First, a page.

About this work
Although Korngold is most strongly associated with the sweeping post-romantic style he brought to Hollywood in the 1930s (and which became a basis for the "Hollywood Sound"), in his earlier career as Austria's most talented young composer he sometimes adopted a more modern, neo-classical sound. When he was requested to write a piano concerto by the pianist Paul Wittgenstein, who had lost his right arm in World War I, Korgnold chose the leaner sound of neo-classicism, perhaps because it would be less likely to require the heavy richness of the typical two-handed piano sound. The result is a fascinating work that shows the twenty-five-year-old composer trying out a variety of styles. This unusual uncertainty of voice puzzled audiences and displeased Wittgenstein. Only with the resurgence of interest in Korngold's kind of tonal twentieth century music has this concerto found some favor with audiences.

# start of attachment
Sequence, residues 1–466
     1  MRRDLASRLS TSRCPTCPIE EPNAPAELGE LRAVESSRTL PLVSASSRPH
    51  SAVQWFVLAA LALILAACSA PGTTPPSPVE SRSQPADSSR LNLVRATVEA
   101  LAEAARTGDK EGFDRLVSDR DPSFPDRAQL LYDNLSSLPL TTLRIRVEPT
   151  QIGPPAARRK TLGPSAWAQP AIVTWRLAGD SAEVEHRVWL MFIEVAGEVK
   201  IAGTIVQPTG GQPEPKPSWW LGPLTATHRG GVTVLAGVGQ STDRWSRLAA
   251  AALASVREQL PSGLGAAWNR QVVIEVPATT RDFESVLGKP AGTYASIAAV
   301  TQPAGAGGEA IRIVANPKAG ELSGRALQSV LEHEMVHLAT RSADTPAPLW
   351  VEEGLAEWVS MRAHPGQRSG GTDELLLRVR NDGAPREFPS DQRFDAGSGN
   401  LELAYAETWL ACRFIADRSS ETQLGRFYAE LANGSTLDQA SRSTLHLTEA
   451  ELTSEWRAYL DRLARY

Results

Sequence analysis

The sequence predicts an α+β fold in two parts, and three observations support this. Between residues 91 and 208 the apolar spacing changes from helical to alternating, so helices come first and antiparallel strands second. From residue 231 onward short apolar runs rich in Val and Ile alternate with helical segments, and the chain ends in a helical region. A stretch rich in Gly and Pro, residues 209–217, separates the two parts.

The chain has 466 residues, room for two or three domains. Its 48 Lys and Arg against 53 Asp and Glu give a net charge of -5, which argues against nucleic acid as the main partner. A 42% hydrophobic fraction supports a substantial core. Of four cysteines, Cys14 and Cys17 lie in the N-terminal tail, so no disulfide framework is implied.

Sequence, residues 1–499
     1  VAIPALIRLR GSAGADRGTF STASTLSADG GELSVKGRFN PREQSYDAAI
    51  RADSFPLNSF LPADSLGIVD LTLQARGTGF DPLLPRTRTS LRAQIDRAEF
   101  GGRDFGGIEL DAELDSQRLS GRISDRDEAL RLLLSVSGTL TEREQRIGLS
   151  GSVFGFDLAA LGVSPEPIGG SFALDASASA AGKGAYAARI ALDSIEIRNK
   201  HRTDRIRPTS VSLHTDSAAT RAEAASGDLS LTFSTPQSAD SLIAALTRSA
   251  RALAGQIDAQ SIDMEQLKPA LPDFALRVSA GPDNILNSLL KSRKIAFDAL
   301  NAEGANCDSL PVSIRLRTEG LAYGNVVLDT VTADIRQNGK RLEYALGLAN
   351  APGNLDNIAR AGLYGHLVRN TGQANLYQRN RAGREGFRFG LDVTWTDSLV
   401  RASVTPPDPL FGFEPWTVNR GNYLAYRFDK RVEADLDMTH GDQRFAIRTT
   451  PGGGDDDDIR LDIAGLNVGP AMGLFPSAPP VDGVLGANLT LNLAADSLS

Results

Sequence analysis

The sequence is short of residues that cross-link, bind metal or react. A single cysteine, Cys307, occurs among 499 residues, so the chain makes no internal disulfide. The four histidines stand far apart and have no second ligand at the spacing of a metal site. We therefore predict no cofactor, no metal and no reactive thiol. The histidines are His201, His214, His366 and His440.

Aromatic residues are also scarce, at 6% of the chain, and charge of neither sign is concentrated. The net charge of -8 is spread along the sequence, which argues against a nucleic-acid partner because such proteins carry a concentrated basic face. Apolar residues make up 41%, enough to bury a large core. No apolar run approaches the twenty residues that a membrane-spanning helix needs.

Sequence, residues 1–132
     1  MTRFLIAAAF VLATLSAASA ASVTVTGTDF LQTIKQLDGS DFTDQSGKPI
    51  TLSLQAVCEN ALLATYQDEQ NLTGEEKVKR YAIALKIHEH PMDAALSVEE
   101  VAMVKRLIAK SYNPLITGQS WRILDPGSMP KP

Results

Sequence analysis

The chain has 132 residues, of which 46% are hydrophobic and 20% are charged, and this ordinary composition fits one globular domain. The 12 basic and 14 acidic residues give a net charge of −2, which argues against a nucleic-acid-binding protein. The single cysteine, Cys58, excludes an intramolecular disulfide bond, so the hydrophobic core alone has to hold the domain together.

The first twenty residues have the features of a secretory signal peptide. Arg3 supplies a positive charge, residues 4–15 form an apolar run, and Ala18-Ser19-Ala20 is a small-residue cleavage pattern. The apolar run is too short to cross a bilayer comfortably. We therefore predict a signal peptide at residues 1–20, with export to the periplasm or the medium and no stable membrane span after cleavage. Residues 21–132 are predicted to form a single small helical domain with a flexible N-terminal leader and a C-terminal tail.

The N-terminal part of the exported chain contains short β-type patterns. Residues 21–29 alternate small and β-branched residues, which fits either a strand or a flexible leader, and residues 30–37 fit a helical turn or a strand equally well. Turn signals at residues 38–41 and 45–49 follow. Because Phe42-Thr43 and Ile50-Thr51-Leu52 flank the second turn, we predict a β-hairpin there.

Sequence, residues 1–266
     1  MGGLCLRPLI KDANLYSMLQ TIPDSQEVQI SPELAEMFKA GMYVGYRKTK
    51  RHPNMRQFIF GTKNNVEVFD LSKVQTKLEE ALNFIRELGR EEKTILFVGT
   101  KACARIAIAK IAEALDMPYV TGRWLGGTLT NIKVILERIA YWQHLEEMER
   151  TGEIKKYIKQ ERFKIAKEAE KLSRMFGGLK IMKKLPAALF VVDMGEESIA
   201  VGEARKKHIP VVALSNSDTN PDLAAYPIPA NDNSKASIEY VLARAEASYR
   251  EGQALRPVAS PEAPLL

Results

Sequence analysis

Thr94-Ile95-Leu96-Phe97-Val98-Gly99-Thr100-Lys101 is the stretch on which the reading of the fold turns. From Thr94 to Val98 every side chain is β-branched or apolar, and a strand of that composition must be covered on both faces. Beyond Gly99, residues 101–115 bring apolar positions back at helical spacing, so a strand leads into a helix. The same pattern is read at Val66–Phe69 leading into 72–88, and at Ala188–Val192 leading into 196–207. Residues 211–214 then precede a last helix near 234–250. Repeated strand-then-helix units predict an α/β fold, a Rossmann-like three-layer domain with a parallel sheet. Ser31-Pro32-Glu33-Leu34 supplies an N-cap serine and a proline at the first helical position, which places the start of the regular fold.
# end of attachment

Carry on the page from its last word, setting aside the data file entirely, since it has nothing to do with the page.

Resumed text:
The concerto is in one very long movement of thirty-five minutes' duration. The sound of the piece is unusually dry. The piano part is treated as a part of the orchestral texture, rather than a separate solo voice, yet is exceptionally difficult. Part of the fascination (and frustration) of the piece comes in how Korngold often seems to be out to defeat his naturally heroic nature. For instance, the main theme, marked "heroically, with fire and power" should be the basis of a dramatic struggle and emerge victorious. But the battle is not engaged, the theme goes nowhere. On the other hand, a "Round Dance" that happens later in the work would serve as a dramatic fulcrum, but its themes are curiously noncommital. On the other hand, there are many passages of exceptional imagination both in thematic material and its treatment. The orchestration is very colorful, showing the absorption of the colorful style of French Impressionism. Korngold uses the glittering sounds of harp, celesta, glockenspiel, and xylophone imaginatively.